Aids are quite different and the skill level is quite different as well.

    If in shoulder in both pairs of legs cross the score can not be more than "4" since there is no bend.



  13. #13
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    But I'm learning both at the same time.
    Airborne? Oh. Yes, he can take a joke. Once. After that, the joke's on you.



  14. #14
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    So, besides the bend, the shoulder in does not see the hind legs cross, but the front legs, with the bend?

    The leg yield sees the straight spine of the horse with both legs crossing, the angle of spine to track is what, 20 degrees? 40 degrees? Is ther an ideal angle of horse to track on the leg yield? Are some angles better than others? Is it just that both legs cross, and the angle doesn't matter??

    In the Shoulder in, the horse is bent, the hind legs track straight, the front legs cross. This seems like a stressful movement for a horse, no?

    which has more stress to the horse, the shoulder in or the leg yield?

    Sorry didn't mean to hijack. So the point of the thread is, where is the rider? With the leg yield, the shoulders are straight with the horse's shoulders, the hip moves aside into the movement. the horse moves down the track at an angle, lateral legs crossing together, head and neck not bent, much support from the inside rein, inside leg keeping him from falling in at the shoulder, outside rein maintaining his straight positions, outside leg at the girth moving him to the side.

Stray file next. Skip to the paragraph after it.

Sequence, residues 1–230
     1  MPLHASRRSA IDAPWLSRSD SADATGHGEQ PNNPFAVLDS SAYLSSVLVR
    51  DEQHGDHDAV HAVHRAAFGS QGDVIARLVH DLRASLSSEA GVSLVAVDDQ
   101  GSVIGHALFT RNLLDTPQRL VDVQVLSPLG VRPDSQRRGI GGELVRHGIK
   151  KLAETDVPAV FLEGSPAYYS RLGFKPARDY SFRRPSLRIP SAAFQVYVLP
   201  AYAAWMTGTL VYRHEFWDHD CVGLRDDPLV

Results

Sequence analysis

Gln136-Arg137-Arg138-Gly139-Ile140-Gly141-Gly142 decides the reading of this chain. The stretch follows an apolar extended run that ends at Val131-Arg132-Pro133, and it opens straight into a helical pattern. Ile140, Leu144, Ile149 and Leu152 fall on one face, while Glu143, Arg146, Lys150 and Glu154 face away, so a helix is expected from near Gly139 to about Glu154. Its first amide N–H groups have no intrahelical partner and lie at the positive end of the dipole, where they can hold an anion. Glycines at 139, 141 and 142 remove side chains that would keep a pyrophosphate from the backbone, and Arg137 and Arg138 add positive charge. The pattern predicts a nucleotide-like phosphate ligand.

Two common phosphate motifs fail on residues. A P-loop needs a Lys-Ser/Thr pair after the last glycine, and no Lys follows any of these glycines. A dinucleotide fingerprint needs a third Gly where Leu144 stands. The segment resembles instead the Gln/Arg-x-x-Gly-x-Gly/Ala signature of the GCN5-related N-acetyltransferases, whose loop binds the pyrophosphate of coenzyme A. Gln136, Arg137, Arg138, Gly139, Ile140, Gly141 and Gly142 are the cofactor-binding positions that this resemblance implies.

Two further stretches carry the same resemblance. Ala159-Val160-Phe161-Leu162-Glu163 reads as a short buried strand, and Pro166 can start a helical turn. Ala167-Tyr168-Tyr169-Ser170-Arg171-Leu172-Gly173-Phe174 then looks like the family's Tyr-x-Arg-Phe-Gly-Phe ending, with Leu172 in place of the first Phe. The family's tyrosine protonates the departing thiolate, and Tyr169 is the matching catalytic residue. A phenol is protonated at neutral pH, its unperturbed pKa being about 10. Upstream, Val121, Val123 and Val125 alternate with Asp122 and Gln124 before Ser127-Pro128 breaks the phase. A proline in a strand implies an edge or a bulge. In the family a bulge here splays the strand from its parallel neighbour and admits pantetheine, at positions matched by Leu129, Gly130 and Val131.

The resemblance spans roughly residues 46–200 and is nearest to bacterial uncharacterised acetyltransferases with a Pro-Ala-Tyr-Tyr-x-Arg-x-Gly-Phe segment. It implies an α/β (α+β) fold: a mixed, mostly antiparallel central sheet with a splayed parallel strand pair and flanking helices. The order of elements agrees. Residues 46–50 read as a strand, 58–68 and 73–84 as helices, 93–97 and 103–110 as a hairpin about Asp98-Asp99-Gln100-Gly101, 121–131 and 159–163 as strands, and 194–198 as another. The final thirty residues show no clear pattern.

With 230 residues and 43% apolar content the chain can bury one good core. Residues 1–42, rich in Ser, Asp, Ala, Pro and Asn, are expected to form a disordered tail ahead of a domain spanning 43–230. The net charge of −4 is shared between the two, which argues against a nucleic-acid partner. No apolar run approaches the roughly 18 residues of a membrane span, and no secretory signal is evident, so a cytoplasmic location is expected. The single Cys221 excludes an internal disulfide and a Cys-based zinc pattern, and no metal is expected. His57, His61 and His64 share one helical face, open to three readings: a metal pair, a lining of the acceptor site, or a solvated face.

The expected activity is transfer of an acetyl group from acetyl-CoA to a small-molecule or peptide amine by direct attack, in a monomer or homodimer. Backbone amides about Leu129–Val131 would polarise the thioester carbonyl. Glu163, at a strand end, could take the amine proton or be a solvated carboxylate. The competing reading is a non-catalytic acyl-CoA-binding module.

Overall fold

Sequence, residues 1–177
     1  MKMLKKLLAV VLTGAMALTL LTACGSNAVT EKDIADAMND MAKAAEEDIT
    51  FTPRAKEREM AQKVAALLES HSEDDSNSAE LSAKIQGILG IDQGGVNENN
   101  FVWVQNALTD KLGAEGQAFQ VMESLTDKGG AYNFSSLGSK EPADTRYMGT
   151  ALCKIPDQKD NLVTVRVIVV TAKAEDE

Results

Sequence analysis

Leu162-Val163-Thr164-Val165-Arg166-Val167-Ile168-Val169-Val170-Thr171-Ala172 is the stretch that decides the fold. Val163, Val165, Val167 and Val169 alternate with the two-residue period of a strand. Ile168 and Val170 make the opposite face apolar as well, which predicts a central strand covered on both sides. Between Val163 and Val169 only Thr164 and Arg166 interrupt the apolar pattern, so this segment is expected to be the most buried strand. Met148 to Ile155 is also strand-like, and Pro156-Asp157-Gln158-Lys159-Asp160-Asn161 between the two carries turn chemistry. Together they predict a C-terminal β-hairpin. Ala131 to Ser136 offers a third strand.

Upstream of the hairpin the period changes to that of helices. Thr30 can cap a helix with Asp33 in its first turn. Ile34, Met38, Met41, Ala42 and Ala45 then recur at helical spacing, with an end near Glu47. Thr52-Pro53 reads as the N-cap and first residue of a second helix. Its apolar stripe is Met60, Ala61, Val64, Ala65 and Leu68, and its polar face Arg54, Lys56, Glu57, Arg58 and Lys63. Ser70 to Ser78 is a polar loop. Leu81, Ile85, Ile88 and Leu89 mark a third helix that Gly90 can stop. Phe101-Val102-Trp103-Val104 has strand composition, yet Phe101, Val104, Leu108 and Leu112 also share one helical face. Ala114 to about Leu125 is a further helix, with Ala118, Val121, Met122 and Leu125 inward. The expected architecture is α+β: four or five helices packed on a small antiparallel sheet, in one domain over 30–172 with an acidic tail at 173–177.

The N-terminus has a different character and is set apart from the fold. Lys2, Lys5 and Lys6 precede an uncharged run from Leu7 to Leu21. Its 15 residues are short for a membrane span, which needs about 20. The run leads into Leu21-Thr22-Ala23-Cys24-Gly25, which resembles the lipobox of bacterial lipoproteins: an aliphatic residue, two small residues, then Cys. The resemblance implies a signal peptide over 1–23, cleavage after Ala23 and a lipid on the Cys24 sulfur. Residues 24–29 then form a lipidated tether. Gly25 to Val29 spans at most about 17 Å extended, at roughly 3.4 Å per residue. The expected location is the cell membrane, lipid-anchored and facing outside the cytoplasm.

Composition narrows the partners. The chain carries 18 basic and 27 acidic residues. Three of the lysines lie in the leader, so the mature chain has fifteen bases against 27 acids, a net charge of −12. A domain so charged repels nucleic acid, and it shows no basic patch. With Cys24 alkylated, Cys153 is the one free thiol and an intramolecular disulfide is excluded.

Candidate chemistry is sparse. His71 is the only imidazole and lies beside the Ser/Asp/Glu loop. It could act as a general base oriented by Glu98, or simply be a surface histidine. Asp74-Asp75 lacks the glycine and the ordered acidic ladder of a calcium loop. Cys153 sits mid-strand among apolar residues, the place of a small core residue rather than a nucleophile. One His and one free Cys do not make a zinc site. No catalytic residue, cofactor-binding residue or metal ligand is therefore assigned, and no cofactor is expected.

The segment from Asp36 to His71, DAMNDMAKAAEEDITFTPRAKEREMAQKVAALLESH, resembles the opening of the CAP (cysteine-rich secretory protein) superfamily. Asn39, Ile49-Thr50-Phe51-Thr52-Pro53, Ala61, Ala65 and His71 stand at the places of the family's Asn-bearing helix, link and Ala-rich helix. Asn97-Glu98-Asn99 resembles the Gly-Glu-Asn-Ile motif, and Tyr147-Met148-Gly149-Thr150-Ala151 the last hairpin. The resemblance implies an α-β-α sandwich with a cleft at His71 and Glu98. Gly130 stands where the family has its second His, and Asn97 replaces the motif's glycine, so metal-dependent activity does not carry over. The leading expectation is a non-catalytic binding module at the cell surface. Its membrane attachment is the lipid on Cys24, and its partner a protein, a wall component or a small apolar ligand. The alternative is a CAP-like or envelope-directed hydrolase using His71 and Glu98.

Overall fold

With the shoulder in, the shoulders follow the bend just with the shoulders of the horse, my hips push ahead straight and keep the hind moving straight. The horse bends around my inner leg which supports him on the bend. The outer leg and rein move him on ahed and support him from moving out of the bend.

    Is it fair to say that the rider's shoulders follow the horse's shoulders? Or no.
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  15. #15
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    Default Both at once would be confusing for man and beast IMO

    I agree with other posters who emphasize the difference in the horse's body during the two movements.

    I was taught that the leg yield is easier for the horse than the shoulder fore, and the shoulder fore easier than the shoulder in. The latter have to do with degrees of bend.

    Since the aids seem similar to some (but the difference nice explained by angel), I think it might fry someone's brain to learn both movements at once.

    I may be wrong or old school, but I can't imagine teaching the shoulder in from the leg yield. How would you move the shoulders to a new track, ask for bend without hand riding?

    I was taught to teach horses shoulder fore and shoulder in from a larger or smaller circle. You establish the bend you want on the circle, complete with the inside hind leg nicely engaged, and then keep the bend but ask the horse to move off the circle on a tangent. That involves more inside leg and relaxing the tension in your outside arm a bit.